The regulatory landscape is constantly changing to the extent many organizations are finding it hard to keep up. However, achieving and maintaining compliance is critical for holding on to lucrative contracts, as well as expanding into new markets. For organizations working with the Department of Defense, the uncertainties around achieving the desired compliance level of the cybersecurity maturity model certification (CMMC) is one of the biggest challenges.
Related reading: What is the Cybersecurity Maturity Model Certification
The CMMC regulations are still a work in progress, but DoD contractors need to keep one step ahead if they’re to maintain their vendor relationships. Also, contrary to widespread belief, CMMC is still very much on track, despite disruptions caused by the ongoing pandemic. Organizations should focus on three main priorities – achieving DFARS compliance, finishing their plans of action and milestones, and preparing to meet the requirements for the desired CMMC level.
Preparing for third-party assessment
The most critical element of CMMC regulations is the need for third-party assessments. Every DoD contractor will need an assessment before they can receive a certification demonstrating their ability to meet a specific maturity level. However, the CMMC Accreditation Body, which is currently run by a board of volunteers working independently of the DoD, is still very much a nascent organization. Training for the first assessors only started in the end of August, so it will be some time before obtaining a third-party assessment becomes a legal necessity.
What the first round of assessments will do, however, is leverage provisional assessors to test the process. These mock assessments won’t come with any certifications. However, all DoD contracts will still need to meet CMMC requirements by 2025. That may sound a long way off, but there’s also little doubt that the first assessment rounds will be in especially high demand. There are, after all, more than 300,000 organizations which make up the DoD supply chain. The expectation is that official audits won’t be carried out until the CMMC regulations are finalized.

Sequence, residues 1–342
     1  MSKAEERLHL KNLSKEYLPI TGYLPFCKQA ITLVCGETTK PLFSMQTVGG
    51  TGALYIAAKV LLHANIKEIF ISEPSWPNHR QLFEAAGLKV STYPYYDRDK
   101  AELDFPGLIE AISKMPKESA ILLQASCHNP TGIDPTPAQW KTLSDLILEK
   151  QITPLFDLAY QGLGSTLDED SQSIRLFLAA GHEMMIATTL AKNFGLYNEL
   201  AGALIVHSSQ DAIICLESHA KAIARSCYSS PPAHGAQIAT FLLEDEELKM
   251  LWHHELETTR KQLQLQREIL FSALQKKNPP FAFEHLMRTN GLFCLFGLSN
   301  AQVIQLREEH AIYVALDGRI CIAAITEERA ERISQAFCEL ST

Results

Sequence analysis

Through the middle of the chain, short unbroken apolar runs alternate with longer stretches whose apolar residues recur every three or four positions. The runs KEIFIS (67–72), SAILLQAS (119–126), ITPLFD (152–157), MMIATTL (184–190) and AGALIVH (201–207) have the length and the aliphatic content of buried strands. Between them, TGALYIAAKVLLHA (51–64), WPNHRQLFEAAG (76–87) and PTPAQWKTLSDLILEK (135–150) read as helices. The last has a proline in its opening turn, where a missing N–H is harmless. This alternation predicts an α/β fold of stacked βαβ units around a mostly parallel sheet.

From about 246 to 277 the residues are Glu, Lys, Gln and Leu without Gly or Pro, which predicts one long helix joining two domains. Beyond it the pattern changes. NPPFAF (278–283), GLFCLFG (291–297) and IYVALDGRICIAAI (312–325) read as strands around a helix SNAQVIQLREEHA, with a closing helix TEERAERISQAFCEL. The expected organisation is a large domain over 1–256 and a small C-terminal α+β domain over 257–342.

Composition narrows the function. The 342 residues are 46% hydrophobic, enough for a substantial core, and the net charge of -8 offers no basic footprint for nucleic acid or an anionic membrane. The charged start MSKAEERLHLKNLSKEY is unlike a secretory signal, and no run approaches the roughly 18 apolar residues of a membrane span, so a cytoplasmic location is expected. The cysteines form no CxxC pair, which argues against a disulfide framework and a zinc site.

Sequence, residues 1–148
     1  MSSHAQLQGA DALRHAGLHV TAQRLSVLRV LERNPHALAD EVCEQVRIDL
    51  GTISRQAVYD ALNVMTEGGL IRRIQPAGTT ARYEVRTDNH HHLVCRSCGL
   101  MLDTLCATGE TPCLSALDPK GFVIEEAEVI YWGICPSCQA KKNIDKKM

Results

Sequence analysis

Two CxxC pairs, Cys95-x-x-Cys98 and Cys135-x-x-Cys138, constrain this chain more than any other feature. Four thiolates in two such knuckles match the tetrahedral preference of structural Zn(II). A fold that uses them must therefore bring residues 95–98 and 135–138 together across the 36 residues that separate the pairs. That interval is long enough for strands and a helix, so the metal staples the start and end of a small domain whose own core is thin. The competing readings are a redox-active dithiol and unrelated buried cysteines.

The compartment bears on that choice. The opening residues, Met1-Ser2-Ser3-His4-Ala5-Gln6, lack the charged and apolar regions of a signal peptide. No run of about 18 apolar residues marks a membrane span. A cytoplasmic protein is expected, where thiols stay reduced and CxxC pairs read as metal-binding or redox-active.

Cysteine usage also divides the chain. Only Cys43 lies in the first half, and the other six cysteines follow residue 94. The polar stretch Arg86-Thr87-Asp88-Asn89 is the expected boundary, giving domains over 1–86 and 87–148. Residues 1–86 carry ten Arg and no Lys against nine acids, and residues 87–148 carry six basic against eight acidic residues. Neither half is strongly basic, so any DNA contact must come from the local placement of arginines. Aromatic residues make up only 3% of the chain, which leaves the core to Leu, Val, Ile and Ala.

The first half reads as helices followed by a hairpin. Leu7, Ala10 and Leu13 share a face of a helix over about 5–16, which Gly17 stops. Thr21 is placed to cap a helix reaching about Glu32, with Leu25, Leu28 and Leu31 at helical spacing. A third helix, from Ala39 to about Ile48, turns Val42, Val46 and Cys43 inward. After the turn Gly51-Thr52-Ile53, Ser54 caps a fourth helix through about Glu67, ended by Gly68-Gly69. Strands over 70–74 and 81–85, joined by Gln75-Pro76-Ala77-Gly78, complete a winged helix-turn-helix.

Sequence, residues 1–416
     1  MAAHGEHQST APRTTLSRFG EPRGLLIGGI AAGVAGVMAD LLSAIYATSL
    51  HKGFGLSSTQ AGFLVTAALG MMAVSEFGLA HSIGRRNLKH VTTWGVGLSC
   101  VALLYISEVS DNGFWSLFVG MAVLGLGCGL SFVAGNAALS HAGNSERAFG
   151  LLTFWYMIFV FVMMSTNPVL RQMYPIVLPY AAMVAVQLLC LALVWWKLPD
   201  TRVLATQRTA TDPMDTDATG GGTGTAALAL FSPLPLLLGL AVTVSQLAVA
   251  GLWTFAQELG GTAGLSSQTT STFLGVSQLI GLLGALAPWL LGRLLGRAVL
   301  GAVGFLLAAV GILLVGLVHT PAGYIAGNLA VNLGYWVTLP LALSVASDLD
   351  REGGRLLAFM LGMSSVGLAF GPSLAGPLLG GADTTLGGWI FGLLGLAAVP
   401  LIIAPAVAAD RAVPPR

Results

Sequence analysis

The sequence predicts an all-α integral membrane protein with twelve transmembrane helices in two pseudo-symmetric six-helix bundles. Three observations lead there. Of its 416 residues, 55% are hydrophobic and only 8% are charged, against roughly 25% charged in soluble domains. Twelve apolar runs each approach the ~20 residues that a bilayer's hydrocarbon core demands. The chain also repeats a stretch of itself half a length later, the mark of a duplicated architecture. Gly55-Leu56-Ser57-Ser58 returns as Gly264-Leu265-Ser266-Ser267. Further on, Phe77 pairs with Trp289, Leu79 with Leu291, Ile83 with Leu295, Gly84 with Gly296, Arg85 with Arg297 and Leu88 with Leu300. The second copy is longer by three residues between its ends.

The DFARS rule update for CMMC
In August, the acquisitions office proposed an amendment to the DFARS 252.204-7012 rule, which pertains to the disclosure of controlled unclassified information (CUI). This refers to the contract rule which currently demands a high level of cybersecurity maturity and applies to the majority of DoD contractors. The amendment is expected to replace the 110 controls defined in the NIST SP 800-171 standard with the 1- to 5-level approach of the CMMC.
If and when this amendment is approved, it will usher in the official introduction of the CMMC requirement, and will apply to all DoD contractors. Release of the amendment for public review is almost imminent. Following release, it’s expected that there will be a 60-day period during which feedback is collected and incorporated and any updates to the CMMC rules and regulations applied. It will then be published in its final form before going into effect 30 days afterwards. There is still a high chance that this will happen before the end of the year.
What about possible delays caused by COVID-19?
The rollout of CMMC regulations have been inevitably delayed due to the ongoing pandemic. While this slight delay gave contractractors a little more time to prepare, there’s still some concerns about massive backlogs potentially slowing the audit and certification process since it will involve on-site visits. The NDIA, however, has stated that CMMC remains one of their highest priorities.
Related reading: When should I become DoD CMMC-compliant?
What actions does your organization need to take now?
As DoD contractors await with bated breath for updates and timescales for CMMC compliance, there’s a lot to be uncertain about. However, now is also a great opportunity to familiarize your team with the technical requirements of CMMC and decide which certification level you want to achieve for your organization. For the most lucrative DoD contracts, a CMMC level 4 certification or greater is necessary.
While it’s impossible as yet to know exactly what the final requirements will be, the underlying foundations are already well-established. Now is the time to start evaluating your cybersecurity practices and procedures, as well as identify any gaps in the details. By obtaining full visibility into your technology infrastructure, you’ll be better positioned to navigate the final process and meet the requirements that future assessors will be looking for.
If you already have an advanced and adaptable cybersecurity infrastructure in place that leverages ongoing employee training and innovative technology solutions, there isn’t much to worry about when it comes to getting a CMMC certification. That’s why Charles IT is on hand to help you prepare for the uncertain future regulatory landscape and achieve the desired level of CMMC compliance well in advance of it becoming a legal requirement. Contact us today to find out how we can help.